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Irv Cross, Black sports broadcasting pioneer, dies at 81

Irv Cross, who played nine seasons as an NFL cornerback and was a sports broadcasting pioneer, died Sunday near his home in Roseville, Minn. File Photo by Kevin Dietsch/UPI
Irv Cross, who played nine seasons as an NFL cornerback and was a sports broadcasting pioneer, died Sunday near his home in Roseville, Minn. File Photo by Kevin Dietsch/UPI | License Photo

March 1 (UPI) -- Irv Cross, a former NFL player and the first Black person in history to work as a full-time sports analyst on national TV, has died. He was 81.

The Philadelphia Eagles announced Cross' death and said he died Sunday morning near his home in Roseville, Minn. The cause of death was not given.

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"All of us at CBS Sports are saddened by the news of Irv Cross' passing," CBS Sports chairman Sean McManus said in a statement.

"Irv was a pioneer who made significant contributions to the storied history and tradition of CBS Sports and, along with Phyllis George and Brent Musburger, set the standard for NFL pregame shows with The NFL Today.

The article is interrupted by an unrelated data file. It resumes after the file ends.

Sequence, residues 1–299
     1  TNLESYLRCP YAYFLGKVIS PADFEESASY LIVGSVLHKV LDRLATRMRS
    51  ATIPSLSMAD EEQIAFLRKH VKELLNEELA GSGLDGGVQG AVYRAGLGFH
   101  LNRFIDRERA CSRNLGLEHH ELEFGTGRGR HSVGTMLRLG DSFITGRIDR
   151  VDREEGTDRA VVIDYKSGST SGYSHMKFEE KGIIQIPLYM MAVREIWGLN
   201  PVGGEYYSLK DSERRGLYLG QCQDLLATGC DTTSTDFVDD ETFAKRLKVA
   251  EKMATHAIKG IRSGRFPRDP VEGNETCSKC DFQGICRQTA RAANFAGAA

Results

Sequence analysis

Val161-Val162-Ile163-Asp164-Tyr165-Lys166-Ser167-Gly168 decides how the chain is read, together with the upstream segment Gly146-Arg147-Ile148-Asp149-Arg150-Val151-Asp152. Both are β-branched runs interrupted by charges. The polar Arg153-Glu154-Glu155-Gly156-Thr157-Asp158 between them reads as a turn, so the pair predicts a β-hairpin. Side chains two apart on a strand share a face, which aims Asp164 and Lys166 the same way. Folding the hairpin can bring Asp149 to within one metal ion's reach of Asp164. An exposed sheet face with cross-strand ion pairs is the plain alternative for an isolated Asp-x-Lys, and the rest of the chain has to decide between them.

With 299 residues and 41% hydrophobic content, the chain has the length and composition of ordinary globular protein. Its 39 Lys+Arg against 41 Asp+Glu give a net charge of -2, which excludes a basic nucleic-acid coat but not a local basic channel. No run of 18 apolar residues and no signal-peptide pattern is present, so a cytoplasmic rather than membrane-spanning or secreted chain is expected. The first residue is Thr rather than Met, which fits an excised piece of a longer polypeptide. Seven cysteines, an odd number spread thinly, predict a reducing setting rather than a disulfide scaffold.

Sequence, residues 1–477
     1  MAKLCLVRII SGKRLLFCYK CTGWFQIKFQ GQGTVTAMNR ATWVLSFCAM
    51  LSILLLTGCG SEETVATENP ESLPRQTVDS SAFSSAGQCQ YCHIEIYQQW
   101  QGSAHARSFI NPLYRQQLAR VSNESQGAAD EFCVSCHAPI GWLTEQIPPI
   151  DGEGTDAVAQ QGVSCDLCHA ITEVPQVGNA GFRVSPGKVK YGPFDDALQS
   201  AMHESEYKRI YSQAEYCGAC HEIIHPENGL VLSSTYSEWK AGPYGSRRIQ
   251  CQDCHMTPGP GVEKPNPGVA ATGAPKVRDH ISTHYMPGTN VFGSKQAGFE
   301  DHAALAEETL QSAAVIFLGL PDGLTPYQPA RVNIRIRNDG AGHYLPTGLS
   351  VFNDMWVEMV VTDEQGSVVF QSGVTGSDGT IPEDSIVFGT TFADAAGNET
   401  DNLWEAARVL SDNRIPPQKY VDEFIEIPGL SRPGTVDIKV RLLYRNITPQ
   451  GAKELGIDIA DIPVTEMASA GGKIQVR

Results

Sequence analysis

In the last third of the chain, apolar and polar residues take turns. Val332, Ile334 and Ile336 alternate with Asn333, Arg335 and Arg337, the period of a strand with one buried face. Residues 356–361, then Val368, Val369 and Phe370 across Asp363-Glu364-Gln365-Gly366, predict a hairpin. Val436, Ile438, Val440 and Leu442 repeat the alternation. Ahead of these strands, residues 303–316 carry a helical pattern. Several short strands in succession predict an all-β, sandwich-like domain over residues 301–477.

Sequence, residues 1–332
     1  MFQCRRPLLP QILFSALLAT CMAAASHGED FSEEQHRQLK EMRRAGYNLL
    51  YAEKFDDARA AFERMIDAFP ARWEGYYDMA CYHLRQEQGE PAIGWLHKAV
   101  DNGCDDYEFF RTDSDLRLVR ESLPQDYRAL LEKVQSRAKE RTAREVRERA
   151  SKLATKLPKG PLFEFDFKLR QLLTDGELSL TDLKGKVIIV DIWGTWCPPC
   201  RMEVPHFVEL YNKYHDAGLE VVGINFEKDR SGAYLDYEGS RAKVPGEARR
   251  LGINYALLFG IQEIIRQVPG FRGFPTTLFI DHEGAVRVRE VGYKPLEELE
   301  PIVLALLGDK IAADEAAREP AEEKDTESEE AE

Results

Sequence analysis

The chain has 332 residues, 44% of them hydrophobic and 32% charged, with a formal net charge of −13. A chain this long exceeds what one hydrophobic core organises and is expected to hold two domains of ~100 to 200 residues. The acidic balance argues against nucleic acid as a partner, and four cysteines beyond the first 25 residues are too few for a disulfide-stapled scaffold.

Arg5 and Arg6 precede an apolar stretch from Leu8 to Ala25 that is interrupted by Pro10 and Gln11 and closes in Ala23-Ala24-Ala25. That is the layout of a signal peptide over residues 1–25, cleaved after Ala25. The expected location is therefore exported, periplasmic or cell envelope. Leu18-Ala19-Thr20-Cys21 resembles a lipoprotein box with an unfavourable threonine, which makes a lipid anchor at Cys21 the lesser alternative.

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"He was a true gentleman and a trailblazer in the sports television industry and will be remembered for his accomplishments and the paths he paved for those who followed."

Cross was born in Hammond, Ind., and attended Northwestern University, where he was part of legendary coach Ara Parseghian's first recruiting class for the Wildcats.

The former cornerback then entered the league as a seventh-round pick in the 1961 NFL Draft. Cross spent his first five seasons with the Eagles. He made the Pro Bowl in 1964 and 1965.

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Cross also played three seasons for the Los Angeles Rams. He spent his final season in 1969 with the Eagles.

Cross worked as a local radio and TV sports reporter while he played in Philadelphia. He also worked as both an Eagles player/defensive backs coach in his final NFL season. He kept the coaching role in 1970.

He joined CBS in 1971 when he became the first Black person to work as a full-time sports analyst on national TV. Cross remained at the network until 1994. His role with the network included coverage of track and field and gymnastics, as well as football.

Cross later served as the athletic director at Idaho State and Macalester College.

The Pro Football Hall of Fame awarded Cross with the Pete Rozelle Radio-Television Award in 2009, making him the first Black person to ever receive the honor.

Cross is survived by his wife, Liz, daughters Susan, Lisa and Sarah, and son Matthew.

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